Art and Indian Copyright Law: A Statutory Reading

A look at how the Indian Copyright Act, 1957, as amended in 2012, interacts with art (other than films and sound recordings), and, in particular, with Indian art. The first part of this text comprises a feminist and post-colonial reading of the Indian copyright statute while later parts focus on interpreting the provisions of the statute in relation to art.

25 August 2011

DIT Clarification on the 2011 Privacy Rules

In April 2011, four sets of Rules were published under the Information Technology Act, 2000; the second of these sets — called the Information Technology (Reasonable security practices and procedures and sensitive personal data or information) Rules, 2011 — dealt with how personal sensitive data or information (collectively called “Information” here) should be treated.

Unfortunately, the Rules, to put it mildly, were not a model of clarity. In addition to being ambiguous, they were also criticised for making the impractical mandatory — for example, Rule 5(1) required a body corporate or any person collecting Information on its behalf to obtain consent in writing from the provider of the Information via a letter/fax /email regarding the purpose of usage prior to the collection of the Information. It has never been clear how this requirement could be made workable especially in situations which could involve having to obtain consent from large numbers of people.

Perhaps recognising the existence of problems regarding the interpretation and workability of the Rules, the Department of Information Technology, Ministry of Communications & Information Technology issued a Press Note on August 24, 2011 through the Press Information Bureau, Government of India clarifying the Privacy Rules.

Apar Gupta, a Delhi-based lawyer, and the author of the LexisNexis' ‘Commentary on Information Technology Act’, captured the essence of the Clarification in three succinct tweets reproduced here:

    Clarification 1: applies to companies located in India.
    Clarification 2: applies to companies who collect data from persons and not under contract from other companies
    Clarification 3: consent to privacy policy through click through agreements is valid 
Even though there isn't really anything beyond that to the Clarification, a slightly more detailed version of it has been appended below:

  • The Rules applicable to companies or any person located within India.
  • The providers of information, referred to in the Rules, are human beings who provide (to a company) sensitive personal data or information.
  • As far as the possibly unworkable Rule 5(1) described earlier is concerned, the requirement of obtaining consent from a person providing information by letter/fax /email has been changed: the Clarification states that consent includes consent given by any mode of electronic communication.
  • A B2B arrangement is not subject to Rules 5 and 6, although a B2C arrangement is.
    • Rules 5 and 6 state (in possibly over-simplified terms):
      Information may only be collected if necessary for a lawful purpose connected with a function or activity of the collector, and the provider must be aware of the collection of information, its purpose, etc.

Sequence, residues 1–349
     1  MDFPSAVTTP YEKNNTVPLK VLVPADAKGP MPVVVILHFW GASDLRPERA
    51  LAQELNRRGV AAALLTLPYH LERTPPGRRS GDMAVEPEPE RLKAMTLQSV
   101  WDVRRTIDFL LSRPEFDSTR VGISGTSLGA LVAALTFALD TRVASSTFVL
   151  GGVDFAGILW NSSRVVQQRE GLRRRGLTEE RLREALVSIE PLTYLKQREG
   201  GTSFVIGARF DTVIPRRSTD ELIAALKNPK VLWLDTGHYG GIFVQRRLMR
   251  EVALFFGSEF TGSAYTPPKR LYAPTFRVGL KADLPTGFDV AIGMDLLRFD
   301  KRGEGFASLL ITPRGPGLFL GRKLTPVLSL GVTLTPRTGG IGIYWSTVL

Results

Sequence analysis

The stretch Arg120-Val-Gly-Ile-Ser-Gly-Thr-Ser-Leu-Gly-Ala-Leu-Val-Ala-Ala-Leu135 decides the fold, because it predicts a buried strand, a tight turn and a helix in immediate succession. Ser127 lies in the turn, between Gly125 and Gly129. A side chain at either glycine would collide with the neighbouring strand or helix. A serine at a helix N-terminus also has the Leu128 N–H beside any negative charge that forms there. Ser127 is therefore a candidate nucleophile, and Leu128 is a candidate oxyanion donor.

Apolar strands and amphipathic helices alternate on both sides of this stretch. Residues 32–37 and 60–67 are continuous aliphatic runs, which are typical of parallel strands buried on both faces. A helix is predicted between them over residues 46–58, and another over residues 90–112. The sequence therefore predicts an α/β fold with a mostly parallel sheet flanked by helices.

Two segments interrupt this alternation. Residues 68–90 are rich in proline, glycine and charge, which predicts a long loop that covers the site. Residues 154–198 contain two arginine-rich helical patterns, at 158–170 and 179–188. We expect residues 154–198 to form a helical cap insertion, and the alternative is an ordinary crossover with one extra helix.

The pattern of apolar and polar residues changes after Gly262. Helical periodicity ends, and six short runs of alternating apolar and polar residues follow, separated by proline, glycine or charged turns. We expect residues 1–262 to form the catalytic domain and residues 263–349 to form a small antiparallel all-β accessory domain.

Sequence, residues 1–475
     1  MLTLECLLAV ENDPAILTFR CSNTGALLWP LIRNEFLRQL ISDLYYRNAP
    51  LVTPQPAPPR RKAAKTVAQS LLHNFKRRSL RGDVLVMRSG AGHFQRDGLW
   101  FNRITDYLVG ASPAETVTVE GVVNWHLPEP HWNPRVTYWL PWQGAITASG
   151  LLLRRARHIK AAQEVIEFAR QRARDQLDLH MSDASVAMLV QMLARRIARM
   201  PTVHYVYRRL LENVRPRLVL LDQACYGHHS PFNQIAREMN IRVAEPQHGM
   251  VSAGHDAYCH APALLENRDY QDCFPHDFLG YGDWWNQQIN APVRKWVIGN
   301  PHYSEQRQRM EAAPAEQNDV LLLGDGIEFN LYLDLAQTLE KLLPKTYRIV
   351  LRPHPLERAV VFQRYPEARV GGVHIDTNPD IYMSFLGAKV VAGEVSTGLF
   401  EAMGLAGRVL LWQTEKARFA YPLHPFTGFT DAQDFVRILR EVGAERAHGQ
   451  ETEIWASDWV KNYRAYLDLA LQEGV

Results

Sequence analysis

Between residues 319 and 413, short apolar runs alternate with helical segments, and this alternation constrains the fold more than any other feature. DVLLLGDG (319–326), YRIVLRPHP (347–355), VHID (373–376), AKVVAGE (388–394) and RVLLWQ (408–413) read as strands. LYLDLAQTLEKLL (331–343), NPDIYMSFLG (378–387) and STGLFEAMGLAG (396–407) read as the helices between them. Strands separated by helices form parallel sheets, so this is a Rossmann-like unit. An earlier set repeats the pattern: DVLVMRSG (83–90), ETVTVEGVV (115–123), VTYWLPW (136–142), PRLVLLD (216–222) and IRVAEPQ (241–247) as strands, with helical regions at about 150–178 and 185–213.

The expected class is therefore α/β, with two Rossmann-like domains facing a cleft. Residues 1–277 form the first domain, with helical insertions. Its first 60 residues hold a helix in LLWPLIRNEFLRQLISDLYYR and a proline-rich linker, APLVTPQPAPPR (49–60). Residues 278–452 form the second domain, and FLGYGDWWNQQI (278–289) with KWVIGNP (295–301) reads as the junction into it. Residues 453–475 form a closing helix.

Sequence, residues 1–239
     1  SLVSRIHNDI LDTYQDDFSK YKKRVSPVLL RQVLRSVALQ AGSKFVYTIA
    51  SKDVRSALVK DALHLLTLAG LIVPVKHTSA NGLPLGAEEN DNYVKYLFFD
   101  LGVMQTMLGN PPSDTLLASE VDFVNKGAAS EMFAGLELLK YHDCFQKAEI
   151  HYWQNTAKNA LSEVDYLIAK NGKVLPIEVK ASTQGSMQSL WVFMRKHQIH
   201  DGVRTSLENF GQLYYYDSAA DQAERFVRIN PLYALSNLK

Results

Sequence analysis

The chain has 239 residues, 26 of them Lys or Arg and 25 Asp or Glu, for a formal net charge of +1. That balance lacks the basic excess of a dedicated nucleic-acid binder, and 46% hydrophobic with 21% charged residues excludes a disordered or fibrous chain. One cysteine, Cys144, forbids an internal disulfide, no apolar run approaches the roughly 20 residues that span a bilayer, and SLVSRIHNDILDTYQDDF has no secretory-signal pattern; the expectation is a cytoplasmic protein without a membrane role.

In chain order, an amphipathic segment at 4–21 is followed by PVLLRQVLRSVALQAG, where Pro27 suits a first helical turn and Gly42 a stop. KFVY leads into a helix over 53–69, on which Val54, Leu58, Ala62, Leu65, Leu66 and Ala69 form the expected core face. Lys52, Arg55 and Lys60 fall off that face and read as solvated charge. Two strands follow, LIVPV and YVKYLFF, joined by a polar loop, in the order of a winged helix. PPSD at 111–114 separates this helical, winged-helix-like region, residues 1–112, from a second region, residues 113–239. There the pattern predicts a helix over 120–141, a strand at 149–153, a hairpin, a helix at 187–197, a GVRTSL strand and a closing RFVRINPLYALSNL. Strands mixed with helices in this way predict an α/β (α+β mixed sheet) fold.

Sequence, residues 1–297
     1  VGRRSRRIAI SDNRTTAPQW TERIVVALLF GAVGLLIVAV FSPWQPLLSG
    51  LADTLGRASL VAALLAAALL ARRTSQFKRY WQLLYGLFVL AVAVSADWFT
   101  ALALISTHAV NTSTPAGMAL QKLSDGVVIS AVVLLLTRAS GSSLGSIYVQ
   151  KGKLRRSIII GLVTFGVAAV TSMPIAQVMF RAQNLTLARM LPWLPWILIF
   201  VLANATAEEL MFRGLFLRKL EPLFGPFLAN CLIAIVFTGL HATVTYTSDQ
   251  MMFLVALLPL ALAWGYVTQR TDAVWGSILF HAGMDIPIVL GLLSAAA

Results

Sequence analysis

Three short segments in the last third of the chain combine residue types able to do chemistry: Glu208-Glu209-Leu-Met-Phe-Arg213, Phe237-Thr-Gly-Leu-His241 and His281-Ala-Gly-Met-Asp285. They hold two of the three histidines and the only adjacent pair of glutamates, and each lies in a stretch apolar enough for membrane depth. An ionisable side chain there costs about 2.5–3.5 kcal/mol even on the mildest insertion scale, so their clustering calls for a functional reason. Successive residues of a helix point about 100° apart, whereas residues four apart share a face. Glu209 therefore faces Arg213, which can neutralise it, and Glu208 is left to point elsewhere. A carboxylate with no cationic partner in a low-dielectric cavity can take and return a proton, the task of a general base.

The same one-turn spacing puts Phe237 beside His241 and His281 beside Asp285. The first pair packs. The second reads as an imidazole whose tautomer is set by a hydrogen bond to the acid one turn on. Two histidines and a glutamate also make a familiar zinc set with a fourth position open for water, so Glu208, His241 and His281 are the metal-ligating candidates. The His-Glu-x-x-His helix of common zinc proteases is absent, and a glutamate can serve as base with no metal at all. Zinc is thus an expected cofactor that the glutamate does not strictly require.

The collector should enable the provider to review the information, and there should be a provision to revise incorrect information, although the collector will not be responsible for the accuracy of the information.
      The information may only be used for the purpose it is collected, and may not be retained for longer than required. The collector must provide an option to the provider not to provide information or to later withdraw information although if information is not provided/withdrawn, the collector is not under an obligation to provide the provider with goods/services with respect to which the information was sought/collected.
      The collector (body corporate) must address any discrepancies and grievances of their provider of the information with respect to processing of information within one month from the date of receipt of grievance, and, for this purpose, designate a Grievance Officer and publish his name and contact details on its website.
      Information may be disclosed only with the consent of the provider unless such disclosure has been agreed to in the contract between the body corporate and provider of information, or where the disclosure is necessary for compliance of a legal obligation.
      The collector shall not publish the Information.
          • The “privacy policy, as prescribed in Rule 4, relates to the body corporate and is not with respect to any particular obligation under any contract”.
            Rule 4 requires companies and persons collecting Information on their behalf to “provide a privacy policy for handling of or dealing in personal information including sensitive personal data or information and ensure that the same are available for view by such providers of information who has provided such information under lawful contract”.

          (This post is by Nandita Saikia and it incorporates text by Apar Gupta. It was first published at Indian Copyright.)

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